Assigning advanced rights to a large folder tree - Windows 2000 Server

I have a large standardized folder tree that is created for each project at my firm.  We use an empty template each time a new project is started.  A copy of the empty folder structure is started for each new project.

I would like to better understand how to create advanced read/write rights to accomplish the following tasks:

Example Structure

Root Folder--|
                   |-----Subfolder1
                   |-----Subfolder2
                   |-----Subfolder3
                   |-----Subfolder4
                          |--Insidefolder4

Rights summary
The root folder will have all rights assigned to Domain Admins (this should be inhertited all the way through the chain) and read only rights to all other users (assume the AD group for this is called "Projects")

Subfolder1 should allow members of the "Projects" group to create files but not folders

Subfolder2 should allow members of the "Projects" group to create folders but not files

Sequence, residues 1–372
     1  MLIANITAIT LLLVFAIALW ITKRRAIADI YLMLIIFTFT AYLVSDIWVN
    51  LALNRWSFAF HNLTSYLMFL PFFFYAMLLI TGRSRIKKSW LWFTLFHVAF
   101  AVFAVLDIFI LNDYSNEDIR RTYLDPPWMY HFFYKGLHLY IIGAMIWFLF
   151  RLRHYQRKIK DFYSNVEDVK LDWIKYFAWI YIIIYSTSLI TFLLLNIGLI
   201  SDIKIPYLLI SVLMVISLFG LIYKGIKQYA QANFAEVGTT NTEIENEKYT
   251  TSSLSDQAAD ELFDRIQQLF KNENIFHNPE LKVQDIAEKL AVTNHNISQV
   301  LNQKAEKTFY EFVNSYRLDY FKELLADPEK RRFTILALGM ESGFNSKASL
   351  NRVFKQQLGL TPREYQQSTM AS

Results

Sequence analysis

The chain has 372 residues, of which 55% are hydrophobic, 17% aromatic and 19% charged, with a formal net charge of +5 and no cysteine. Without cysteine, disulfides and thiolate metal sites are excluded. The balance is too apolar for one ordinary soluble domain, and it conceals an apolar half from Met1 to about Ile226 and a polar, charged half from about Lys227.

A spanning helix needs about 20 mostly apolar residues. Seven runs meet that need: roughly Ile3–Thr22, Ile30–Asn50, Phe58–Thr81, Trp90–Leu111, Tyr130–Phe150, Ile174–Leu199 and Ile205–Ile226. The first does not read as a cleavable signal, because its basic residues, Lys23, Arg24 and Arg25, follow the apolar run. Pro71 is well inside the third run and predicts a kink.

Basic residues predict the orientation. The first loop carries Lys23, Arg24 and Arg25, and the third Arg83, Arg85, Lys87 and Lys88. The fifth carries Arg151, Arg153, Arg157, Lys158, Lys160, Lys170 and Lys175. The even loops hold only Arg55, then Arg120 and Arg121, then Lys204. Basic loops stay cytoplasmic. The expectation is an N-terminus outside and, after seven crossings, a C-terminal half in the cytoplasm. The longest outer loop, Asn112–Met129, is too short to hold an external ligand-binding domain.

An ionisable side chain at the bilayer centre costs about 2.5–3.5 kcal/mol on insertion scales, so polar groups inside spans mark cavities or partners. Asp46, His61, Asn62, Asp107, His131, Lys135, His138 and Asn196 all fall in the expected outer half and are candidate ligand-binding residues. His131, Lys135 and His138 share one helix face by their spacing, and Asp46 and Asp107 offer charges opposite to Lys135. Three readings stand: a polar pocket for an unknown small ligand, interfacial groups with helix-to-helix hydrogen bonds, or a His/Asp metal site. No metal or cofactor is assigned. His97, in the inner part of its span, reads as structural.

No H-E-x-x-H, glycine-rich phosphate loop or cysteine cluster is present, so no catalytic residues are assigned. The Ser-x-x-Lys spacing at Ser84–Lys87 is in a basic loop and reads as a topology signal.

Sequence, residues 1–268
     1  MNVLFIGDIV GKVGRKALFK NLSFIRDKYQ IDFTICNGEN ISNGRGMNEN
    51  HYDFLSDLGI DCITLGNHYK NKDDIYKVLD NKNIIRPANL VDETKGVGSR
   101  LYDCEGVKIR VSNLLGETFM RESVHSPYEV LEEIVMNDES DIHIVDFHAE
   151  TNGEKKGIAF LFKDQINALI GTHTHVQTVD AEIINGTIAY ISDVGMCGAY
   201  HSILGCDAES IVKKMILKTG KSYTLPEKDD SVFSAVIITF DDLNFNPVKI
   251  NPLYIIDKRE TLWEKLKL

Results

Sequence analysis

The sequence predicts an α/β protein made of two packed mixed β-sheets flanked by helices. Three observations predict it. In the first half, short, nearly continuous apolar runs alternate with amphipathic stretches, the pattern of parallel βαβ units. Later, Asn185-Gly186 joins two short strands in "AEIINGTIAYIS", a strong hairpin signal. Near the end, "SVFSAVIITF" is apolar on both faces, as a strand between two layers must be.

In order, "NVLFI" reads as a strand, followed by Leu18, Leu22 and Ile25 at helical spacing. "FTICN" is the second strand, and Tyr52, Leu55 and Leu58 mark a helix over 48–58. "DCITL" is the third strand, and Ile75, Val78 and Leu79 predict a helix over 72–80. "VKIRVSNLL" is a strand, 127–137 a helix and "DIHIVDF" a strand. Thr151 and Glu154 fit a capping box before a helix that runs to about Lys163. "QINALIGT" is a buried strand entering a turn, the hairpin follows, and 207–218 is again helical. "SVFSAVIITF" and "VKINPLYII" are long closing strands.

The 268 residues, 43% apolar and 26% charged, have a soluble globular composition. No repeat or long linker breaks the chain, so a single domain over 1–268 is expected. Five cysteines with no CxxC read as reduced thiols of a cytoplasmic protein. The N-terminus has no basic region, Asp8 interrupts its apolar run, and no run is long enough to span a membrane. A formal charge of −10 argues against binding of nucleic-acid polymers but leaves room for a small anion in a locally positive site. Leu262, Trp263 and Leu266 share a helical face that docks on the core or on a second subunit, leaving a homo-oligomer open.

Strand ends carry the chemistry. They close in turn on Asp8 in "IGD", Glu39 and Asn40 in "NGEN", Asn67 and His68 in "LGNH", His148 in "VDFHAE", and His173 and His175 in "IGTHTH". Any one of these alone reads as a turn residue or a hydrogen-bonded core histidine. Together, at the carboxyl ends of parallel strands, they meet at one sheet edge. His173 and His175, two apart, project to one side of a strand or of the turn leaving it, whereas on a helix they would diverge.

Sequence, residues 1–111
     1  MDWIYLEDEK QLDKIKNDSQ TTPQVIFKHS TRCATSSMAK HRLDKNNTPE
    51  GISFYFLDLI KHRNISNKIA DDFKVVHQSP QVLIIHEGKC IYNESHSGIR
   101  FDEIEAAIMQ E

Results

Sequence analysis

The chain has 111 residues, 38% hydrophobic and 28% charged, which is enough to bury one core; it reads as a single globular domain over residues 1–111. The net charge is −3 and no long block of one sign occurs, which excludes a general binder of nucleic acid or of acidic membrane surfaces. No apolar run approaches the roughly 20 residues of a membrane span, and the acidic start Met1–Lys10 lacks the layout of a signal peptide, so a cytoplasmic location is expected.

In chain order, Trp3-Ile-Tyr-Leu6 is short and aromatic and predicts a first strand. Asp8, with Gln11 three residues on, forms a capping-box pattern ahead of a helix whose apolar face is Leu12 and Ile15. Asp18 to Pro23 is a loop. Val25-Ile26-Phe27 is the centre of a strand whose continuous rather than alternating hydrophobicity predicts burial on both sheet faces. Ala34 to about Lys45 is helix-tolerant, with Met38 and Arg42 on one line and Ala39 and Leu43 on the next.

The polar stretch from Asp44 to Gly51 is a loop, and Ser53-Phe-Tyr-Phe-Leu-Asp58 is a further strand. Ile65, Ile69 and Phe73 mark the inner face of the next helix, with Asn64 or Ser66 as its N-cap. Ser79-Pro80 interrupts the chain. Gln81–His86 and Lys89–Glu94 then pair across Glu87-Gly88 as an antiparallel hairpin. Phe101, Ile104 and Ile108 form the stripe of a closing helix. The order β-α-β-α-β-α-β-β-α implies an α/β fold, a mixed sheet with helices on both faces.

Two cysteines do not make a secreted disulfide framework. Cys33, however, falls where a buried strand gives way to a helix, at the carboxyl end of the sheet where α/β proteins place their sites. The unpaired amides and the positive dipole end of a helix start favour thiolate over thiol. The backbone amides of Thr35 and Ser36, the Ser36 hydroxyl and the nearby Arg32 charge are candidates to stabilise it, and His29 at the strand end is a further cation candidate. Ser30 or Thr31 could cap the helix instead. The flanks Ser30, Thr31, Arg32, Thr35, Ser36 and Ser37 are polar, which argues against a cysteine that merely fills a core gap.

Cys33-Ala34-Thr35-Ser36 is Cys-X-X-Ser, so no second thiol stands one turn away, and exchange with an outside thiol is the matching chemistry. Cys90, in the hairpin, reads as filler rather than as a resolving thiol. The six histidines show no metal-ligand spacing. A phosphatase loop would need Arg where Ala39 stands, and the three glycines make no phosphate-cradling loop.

Subfolder3 should allow members of the "Projects" group to create folders and files

Subfolder4 should not allow the creation of files or folders.  Nothing exists at this level except for other pre-determined folders.

I've played with the advanced security rights, but am still struggling with getting it right.  All help will be appreciated.

janeedlesAsked:
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Rant32Commented:
1) On a big, important folder tree it is best practice to create a special security group ("Fileserver Admin" or something) that's not related to Domain Admins. You don't want to separate things later on when the security is all in place, and somebody decides that Domain Admins have nothing to do with files. Just an idea.

Root folder:
Fileserver Admin - FC (nothing special)
Projects - Read (nothing special)

Subfolder 1
Select the Projects group and enable the Modify checkbox.
Click Advanced.
Now there are two lines with the users group - Modify & Read-Execute. Select the line that has Modify as Permission
click View/Edit.
Change the 'Apply onto' field to Files only. OK your way out.

Subfolder 2
Exactly the same deal as Subfolder 1, but:
Change the 'Apply onto' field to 'Subfolders only'.

Subfolder 3
Grant Modify permission

Subfolder 4
Nothing changes, read-only.

Hope this helps.

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Windows 2000

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